Ancient poop is known to geologists as coprolite material. It can be truly fossilized as solid rock, or just preserved in glacial ice, permafrost or dry caves. One geology department softball team I knew proudly named itself the "Coprolites." Such is geologic humor.

    Ancient mammoths and other prehistoric animals were well defined by the phrase, "you are what you eat." And by studying what ancient animals ate - through their intestinal remains or their poop - we can learn about their diets and nutrition.

    Bruce Davitt of the Dept. of Natural Resource Sciences at Washington State University has the habit of studying ancient and modern poop - and deducing from it important clues to animal habits and environments. In one case he looked at caribou dung found in a permanent snow patch in southern Yukon, outside of Whitehorse. Caribou haven't been present in the area since the 1800s, so obviously the dung was at least that old. But using radioactive-dating techniques, researchers found the dung was about 2400 years old.

    "We looked at the material under the microscope and compared plant fragments in the fecal pellets to the plants of that environment," he said. "We determined the dung reflected caribou's spring or summer diet."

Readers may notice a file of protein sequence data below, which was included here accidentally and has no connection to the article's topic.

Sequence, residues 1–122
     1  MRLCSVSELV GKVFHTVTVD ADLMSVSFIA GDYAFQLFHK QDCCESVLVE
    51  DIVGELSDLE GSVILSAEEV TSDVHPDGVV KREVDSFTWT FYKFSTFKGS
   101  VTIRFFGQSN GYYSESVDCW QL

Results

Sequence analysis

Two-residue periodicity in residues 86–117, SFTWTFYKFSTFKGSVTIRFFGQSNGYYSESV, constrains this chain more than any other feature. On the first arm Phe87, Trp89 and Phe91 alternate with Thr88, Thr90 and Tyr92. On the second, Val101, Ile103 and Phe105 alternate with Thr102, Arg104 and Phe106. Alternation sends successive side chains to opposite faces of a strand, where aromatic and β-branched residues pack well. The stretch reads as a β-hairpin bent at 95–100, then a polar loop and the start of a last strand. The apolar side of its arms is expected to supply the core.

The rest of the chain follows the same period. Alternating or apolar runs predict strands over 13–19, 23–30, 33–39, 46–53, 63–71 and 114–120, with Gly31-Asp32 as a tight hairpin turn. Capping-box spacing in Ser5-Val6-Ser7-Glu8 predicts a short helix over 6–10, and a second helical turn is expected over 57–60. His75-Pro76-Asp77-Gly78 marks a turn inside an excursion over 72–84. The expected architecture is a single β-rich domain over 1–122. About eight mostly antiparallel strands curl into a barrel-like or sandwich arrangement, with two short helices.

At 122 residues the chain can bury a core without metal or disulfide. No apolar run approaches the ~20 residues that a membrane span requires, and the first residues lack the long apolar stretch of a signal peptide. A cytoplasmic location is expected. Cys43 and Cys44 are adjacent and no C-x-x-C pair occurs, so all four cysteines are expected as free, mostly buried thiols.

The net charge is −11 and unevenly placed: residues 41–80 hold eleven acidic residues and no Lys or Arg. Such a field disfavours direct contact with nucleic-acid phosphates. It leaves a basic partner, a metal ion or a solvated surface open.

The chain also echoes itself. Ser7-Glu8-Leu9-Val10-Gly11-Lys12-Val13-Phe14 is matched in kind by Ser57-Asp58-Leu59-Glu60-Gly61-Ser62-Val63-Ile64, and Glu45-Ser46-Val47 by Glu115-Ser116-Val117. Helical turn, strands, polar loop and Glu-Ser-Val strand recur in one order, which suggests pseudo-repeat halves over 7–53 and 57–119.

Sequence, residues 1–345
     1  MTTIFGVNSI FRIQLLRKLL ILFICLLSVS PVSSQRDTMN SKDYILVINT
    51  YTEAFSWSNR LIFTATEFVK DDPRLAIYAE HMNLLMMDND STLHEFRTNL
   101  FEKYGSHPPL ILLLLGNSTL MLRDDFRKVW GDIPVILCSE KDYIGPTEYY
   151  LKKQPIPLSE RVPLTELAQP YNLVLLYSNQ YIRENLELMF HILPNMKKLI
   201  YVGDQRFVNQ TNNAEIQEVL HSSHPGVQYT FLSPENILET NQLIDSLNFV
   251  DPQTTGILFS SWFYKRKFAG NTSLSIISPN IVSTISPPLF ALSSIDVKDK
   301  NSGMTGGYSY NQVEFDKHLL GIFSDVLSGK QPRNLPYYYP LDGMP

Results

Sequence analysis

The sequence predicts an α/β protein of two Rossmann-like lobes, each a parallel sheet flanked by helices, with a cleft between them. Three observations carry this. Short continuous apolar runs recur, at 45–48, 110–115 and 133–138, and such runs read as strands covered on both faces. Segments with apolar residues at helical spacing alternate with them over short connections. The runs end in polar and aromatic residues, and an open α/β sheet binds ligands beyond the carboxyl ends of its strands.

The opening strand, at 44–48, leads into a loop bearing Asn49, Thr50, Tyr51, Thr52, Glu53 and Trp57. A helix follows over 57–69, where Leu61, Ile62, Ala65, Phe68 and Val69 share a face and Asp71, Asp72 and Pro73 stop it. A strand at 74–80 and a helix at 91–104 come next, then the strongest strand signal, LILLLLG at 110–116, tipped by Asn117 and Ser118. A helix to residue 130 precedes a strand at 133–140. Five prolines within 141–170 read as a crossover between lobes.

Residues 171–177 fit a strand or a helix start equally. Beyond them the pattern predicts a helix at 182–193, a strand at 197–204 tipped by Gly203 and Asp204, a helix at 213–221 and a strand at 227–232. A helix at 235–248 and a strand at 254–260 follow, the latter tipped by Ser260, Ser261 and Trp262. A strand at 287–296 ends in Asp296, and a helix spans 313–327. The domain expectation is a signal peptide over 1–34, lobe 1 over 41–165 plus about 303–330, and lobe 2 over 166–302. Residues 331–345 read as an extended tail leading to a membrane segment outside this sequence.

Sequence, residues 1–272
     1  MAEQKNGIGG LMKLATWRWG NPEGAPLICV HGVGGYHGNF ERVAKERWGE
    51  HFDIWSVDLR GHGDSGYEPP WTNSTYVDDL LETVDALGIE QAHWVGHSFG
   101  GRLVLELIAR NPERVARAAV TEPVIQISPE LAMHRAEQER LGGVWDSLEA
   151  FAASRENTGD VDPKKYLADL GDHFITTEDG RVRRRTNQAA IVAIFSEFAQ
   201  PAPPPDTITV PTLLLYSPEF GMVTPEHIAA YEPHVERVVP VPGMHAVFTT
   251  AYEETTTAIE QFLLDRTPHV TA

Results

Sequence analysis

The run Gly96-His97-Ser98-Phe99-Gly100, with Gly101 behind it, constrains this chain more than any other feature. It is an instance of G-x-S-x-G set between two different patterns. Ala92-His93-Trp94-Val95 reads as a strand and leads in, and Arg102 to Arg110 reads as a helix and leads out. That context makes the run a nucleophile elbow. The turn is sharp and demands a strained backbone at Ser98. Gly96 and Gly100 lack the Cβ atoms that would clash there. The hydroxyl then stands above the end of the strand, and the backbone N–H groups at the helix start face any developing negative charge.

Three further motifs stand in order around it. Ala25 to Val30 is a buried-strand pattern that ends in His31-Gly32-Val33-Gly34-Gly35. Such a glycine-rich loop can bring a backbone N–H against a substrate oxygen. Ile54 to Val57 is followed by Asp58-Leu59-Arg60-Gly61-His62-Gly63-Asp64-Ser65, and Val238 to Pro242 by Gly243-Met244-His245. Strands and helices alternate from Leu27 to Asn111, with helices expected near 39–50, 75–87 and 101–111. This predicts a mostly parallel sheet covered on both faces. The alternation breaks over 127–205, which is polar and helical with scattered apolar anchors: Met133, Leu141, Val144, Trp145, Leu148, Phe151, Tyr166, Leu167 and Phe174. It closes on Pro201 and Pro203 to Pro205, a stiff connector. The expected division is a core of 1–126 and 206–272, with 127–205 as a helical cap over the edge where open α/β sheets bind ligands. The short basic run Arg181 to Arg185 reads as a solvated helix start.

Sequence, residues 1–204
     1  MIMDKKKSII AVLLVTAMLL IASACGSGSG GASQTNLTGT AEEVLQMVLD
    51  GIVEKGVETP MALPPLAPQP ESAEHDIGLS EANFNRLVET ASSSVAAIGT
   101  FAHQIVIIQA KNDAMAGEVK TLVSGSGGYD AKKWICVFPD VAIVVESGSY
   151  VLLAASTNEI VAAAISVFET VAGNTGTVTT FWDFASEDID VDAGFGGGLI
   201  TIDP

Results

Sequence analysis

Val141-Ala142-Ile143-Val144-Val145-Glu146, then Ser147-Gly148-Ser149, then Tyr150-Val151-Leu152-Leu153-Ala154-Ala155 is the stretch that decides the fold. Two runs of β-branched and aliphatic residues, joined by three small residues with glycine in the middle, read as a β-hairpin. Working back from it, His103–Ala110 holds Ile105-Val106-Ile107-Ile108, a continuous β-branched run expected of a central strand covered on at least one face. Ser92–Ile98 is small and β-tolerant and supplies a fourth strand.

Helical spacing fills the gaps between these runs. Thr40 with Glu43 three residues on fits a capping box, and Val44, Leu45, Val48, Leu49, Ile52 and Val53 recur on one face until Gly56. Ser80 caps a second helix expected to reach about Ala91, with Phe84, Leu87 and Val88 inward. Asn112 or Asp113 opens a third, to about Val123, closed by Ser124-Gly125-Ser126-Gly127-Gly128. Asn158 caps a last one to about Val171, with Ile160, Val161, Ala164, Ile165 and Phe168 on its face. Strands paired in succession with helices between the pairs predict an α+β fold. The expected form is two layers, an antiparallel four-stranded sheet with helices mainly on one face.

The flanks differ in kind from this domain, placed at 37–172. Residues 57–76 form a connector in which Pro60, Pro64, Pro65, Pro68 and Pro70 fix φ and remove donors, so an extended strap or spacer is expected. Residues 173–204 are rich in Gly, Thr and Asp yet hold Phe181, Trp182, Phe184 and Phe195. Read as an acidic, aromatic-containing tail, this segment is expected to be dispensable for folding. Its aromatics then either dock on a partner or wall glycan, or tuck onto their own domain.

It's possible the caribou sought out the cool temperatures of the permanent ice patch in the warmth of the Arctic summer, either for the temperature change alone or to get away from the bugs that are thicker than pea soup in that part of the world.

    The permanent snowfield also yielded part of an arrow shaft which was dated as about 4400 years old, making it a rare example of hunting technology from that era found in Canada.

    Davitt has also worked on much more recent fecal material and deduced something crucial to the health of some langur monkeys in the Bronx Zoo.

    As Davitt explains it, several monkeys in the Bronx had mysterious developed cases of peritonitis. The zoo sent Davitt samples of the animals' intestinal products to check for what could be contributing to their life-threatening illness.

    "The vet there at first thought it might be that the monkeys were eating rope that was in the exhibit," Davitt said. "But monkeys have a strong sense of social order. The higher-ups on the scene got to eat the monkey food the zoo provided while lower-downs waited nervously on the side."

    That led the less fortunate monkeys to eat fronds of a plant called Pandanus utilis that was in the exhibit.

    "We found the plant in the fecal material. There were microscopic crystals on the plant fibers, and those crystals were rubbing on the monkey's intestines," Davitt said.

    That insight helped save the lives of the monkeys after the plant was removed from their environment.

    "We're just a small part of much bigger teams, helping researchers elsewhere engaged in their studies of wildlife," Davitt said.

    One simple piece of equipment in Davitt's lab is a kitchen blender. It's used to pulverize samples into a thin soup from which slides can be made for examination under the microscope.

    Peters can be reached at